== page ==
February 21, 2007

Roneker Boosts M. Track Weight Unit

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In a typical year, sophomore Erik Roneker would not have gotten a chance to make the men’s track team. Usually filled with top-tier talent, the men’s weight unit often finds it difficult to make space for walk-ons, especially those who were not standouts in high school.

But that didn’t stop Roneker from trying.
[img_assist|nid=21530|title=Brute strength|desc=Sophomore Erik Roneker, a walk-on from Groton, N.Y., has bolstered the track weight unit while improving on his high school numbers.|link=none|align=left|width=67|height=100]
After only two years of high school experience, the Groton, N.Y., native contacted men’s track and field assistant coach Mark Bilyk. Bilyk, who trains the weights unit, knew of Roneker from local high school meets held at Barton Hall but was not overly impressed.

“I had a chance to watch him at a district meet,” Bilyk said. “His high school marks were very average with marks of 47 feet in the shot put and 140 in the discuss.”

Soon, however, Bilyk picked up on something that many coaches didn’t.

“You could see that he didn’t have any proper coaching,” Bilyk said. “He had no idea how to throw. But the one thing you couldn’t rule out is that he is an athlete who didn’t have anybody to show him the right movements.”

Going into the 2005-06 season, the weight unit was depleted, having graduated some of the Ivy League’s top weight throwers, opening the door for Roneker.

“[Roneker] came at a good time; we did not have a lot of throwers, having just graduated three of the Ivy League’s top throwers,” Bilyk said. “Had I been loaded with throwers, this might not have happened. It was a fortuitous time for both of us.”

With the door open, Roneker took full advantage.

“When I first got to Cornell, Coach told me that we were going to start all over,” Roneker said. “I listened and did the best I could.”

Roneker’s attention to detail secured his position on the team and his presence in the Ivies, as he leads the league in the 35-pound weight throw and currently stands third in shot put behind freshman teammate Brian Cortina. This past weekend, Roneker earned the men’s MVP award in the Marc Deneault Invitational after winning the shot put and weight throw events.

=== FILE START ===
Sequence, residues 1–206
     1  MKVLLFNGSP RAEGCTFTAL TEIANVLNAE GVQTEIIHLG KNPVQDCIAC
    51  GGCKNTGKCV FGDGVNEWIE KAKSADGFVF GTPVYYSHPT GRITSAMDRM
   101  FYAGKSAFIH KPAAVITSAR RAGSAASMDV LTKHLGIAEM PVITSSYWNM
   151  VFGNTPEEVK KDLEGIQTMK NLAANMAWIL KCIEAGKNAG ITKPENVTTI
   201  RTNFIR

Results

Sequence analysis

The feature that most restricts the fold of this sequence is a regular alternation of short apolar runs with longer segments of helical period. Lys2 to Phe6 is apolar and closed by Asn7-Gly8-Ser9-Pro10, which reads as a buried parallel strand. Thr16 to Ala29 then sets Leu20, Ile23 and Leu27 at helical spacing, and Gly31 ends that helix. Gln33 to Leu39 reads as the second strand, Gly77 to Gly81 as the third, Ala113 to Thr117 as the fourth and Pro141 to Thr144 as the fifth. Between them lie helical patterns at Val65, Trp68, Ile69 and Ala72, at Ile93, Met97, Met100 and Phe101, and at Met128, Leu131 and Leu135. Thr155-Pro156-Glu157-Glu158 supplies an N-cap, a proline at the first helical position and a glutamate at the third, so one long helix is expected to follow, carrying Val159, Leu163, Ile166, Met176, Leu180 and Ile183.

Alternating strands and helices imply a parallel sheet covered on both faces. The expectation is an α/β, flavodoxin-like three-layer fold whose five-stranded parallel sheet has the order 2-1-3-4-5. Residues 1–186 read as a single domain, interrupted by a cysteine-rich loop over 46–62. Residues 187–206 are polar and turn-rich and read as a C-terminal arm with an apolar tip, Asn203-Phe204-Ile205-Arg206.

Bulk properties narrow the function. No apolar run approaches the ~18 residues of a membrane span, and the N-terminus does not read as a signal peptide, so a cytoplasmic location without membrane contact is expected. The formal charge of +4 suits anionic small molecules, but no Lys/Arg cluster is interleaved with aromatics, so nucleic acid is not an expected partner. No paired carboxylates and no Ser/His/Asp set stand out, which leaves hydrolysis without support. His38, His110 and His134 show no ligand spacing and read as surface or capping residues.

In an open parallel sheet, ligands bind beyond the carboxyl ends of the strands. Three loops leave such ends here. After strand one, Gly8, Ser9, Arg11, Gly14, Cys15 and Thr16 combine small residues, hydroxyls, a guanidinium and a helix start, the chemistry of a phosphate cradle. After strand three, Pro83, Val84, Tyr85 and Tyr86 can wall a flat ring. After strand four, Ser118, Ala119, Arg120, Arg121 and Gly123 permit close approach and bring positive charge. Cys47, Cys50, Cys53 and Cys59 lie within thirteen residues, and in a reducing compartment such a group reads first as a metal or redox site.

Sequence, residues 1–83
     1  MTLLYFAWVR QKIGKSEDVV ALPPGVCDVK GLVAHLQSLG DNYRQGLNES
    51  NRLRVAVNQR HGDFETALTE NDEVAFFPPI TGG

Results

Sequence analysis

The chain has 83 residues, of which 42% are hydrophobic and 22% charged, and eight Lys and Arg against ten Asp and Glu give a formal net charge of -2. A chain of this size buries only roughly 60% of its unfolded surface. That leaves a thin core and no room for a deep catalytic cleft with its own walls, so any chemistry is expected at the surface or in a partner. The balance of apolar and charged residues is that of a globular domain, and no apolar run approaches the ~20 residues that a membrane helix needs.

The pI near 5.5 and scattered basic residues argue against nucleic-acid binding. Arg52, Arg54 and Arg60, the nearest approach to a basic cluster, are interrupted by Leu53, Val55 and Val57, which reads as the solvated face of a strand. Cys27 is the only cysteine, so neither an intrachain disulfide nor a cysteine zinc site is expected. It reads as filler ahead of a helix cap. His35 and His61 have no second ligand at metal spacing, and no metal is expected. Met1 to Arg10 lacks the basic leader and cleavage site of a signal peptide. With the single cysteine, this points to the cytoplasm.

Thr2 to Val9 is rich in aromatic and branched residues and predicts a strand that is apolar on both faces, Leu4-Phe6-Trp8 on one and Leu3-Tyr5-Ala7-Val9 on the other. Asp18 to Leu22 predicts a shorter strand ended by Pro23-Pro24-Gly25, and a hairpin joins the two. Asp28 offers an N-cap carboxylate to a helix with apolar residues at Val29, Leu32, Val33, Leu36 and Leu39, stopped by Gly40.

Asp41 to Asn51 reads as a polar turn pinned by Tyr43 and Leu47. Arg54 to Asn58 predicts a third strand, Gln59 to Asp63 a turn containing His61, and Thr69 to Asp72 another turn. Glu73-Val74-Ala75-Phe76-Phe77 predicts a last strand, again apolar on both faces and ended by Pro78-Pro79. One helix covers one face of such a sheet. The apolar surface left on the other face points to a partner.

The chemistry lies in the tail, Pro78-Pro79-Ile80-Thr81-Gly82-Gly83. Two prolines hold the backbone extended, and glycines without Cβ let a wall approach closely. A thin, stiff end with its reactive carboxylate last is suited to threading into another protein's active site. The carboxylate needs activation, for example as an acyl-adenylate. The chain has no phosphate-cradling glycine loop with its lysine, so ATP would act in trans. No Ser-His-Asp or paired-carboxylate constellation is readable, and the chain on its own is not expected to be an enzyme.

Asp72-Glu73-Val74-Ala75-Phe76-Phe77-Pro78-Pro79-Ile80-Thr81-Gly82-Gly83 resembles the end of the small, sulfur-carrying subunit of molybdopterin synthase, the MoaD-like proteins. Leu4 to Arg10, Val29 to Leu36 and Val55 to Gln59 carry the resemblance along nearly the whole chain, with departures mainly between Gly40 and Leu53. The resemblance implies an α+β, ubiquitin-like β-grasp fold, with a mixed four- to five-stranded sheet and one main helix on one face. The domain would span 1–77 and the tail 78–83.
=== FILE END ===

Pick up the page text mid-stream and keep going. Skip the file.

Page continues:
Roneker attributes his success to his parents, teammates and coaches.

“In high school, I had no direction, but training with teammates and coaches has helped,” Roneker said. “There were always four or five guys pushing each other to work harder. Last year, I saw myself at the bottom of the ranks, and it made me want to be successful more and more … my parents supported me no matter what.”

But Roneker’s enthusiasm has impressed Bilyk the most.

“He has brought a willingness to learn. He is one of the best workers I have seen. He is always in the weight room, viewing film and reading on how to get better as much as he can,” Bilyk said. “As a coach, you couldn’t ask for anything else.”

While it might seem that Roneker is overworking himself, the natural resources major claims that it comes naturally.

“Track is something I enjoy and am obsessed with, so it is easy to work hard at it,” Roneker said.

His efforts are reflected in his dramatic improvement since arriving at the East Hill. In the past year, he has improved his discuss mark by seven feet and his weight throw by 12 feet, even though the weights are heavier in college than in high school. Additionally, Roneker won three events during the track team’s summer visit to England, placed fifth in last year’s outdoor Heps discuss event and has vastly improved on his high school marks.

“Never in my wildest dreams did I expect him to improve this much and this soon … and still feel that he has yet to reach his potential,” Bilyk said. “He is one of those special kids, a diamond in the rough, who got into the college setting and has just blossomed. … It has made my younger guys take notice.”

Joining Roneker in the weight corps are six athletes: a junior, a fellow sophomore and four freshmen. With so much youth in the unit, Roneker serves as an example of the benefits of hard work.

“[Roneker’s success] just shows that if you work your butt off, you will be good at it,” said freshman Andrew Bohl, Roneker’s teammate on the weight unit.